The Cat Doctor
535 North 22nd Street
Philadelphia, PA 19130

Phone: (215) 561-7668
Fax: (215) 561-3616
Email: meow@thecatdr.com

Website: http://www.thecatdr.com
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Cats and Cigarettes – A Lethal Combination

Jun 16, 2012 by     No Comments    Posted under: Personal Opinion, Tips & Advice

If you are a smoker, then you have probably been told by many people to stop smoking. Get ready to add two more to the list: your veterinarian and your cat!

Cats that live in smoking households are unwilling victims of second hand smoke. Second hand smoke has long been suspected of causing respiratory disease and lung cancer (and other cancers) in cats. Few studies are available, however, a 2002 study by Tufts University School of Veterinary Medicine showed that cats living in smoking households were twice a likely to develop feline lymphoma (a type of cancer).

In addition, in smoking households, smoke particles land and cover exposed surfaces, including the cats. These particles (and more picked up through contact) are swallowed by cats during grooming, causing an increased risk of squamous cell carcinoma, a deadly oral cancer. Basically, you are covering your cat in cancer-causing particles.

Lastly, cats that swallow tobacco products can be poisoned by nicotine. Menthol is especially appealing to some cats, making them very dangerous. One cigarette can contain enough nicotine to be toxic to a 5 lb. cat.

Kicking the habit? Congratulations – you may be saving your life and your cat’s life, but please be careful. All nicotine products are poisonous to cats, so be sure they are out of reach. The toxic level of nicotine for cats is 5 mg (milligrams) of nicotine per pound of body weight.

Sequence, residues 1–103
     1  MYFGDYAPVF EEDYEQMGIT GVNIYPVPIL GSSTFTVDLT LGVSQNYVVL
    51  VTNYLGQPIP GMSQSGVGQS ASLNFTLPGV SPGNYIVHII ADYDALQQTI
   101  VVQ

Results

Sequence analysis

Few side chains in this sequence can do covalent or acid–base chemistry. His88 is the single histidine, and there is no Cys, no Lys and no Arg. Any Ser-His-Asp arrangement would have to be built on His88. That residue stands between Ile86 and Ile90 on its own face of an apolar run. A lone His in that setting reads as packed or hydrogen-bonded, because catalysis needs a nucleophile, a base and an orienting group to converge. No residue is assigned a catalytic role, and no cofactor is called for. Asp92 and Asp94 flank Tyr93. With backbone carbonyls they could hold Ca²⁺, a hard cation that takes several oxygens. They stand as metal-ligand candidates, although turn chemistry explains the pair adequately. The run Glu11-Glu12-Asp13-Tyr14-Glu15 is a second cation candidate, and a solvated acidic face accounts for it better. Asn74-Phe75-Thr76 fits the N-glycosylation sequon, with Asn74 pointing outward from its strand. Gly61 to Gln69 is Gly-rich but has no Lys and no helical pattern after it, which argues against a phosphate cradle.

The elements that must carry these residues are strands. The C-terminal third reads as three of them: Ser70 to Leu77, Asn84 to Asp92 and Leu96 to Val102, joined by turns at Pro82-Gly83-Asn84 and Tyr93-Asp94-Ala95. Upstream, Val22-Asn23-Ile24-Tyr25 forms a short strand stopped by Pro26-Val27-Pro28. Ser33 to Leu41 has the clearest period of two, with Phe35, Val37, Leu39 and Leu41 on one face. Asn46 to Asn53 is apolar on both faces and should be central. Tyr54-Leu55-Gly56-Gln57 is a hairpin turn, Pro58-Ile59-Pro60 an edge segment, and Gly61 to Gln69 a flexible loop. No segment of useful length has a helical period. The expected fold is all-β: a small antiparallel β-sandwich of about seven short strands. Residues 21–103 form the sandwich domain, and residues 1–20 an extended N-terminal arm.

Nicotine levels in various products include:

  • Nicotine patches – 8 to 114 mg of nicotine.
  • Nicotine gum – 2 to 4 mg per piece.
  • Nicotine inhalers – about 4 mg per puff.
  • Nasal sprays – 80 to 100 mg per bottle (0.5 mg per spray).
  • Cigars – approximately 15 to 40 mg each.
  • Chewing tobacco – 6 to 8 mg of nicotine per gram.
  • Snuff – 12 to 17 mg of nicotine per gram.
  • A cigarette butt can contain 4 – 8 mg since smoking concentrates some of the nicotine in the butt.

So, if you truly love your cat, stop smoking. It is hard, but so important for you and your cat. Need help? Here are some of the many available resources:

Until you quit, please avoid smoking indoors and make sure to keep all Tobacco and nicotine containing products out of your cat’s reach.

Just Quit – Your cat will thank you!


Photo by Tony Stone & Adeline Rapon

Dr Diana Lafer

Dr. Diana Lafer founded Cats Limited in 1995. She earned her bachelor’s degree in biology from Wesleyan University and her veterinary degree from Cornell University. Dr. Lafer has a cat (Sparky), and a dog (Lucy). She enjoys spending time with her daughters, horseback riding, skiing, hiking, participating in triathlons, and volunteering for the Lakeville Pony Club.

Cats Limited Hospital
1260 New Britain Avenue
West Hartford, CT 06110

Phone: (860) 561-9885
Email: cats@catslimited.com

Website: http://www.catslimited.com/
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What? Adopt a(nother) Cat?

Jun 3, 2012 by     No Comments    Posted under: Personal Opinion, Tips & Advice

It’s June already, the grill’s out and ready to go! OK, so you current cat avoids the barbie- and that’s a good thing because it’s dangerous! So while it’s fun to think that your cat might become the household cook (and if any pet could it would be the cat since  dogs would just steal the food off the counter and eat it right then and there, wrapper and all), it’s much better to think about getting a(nother) cat for fun, affection and entertainment.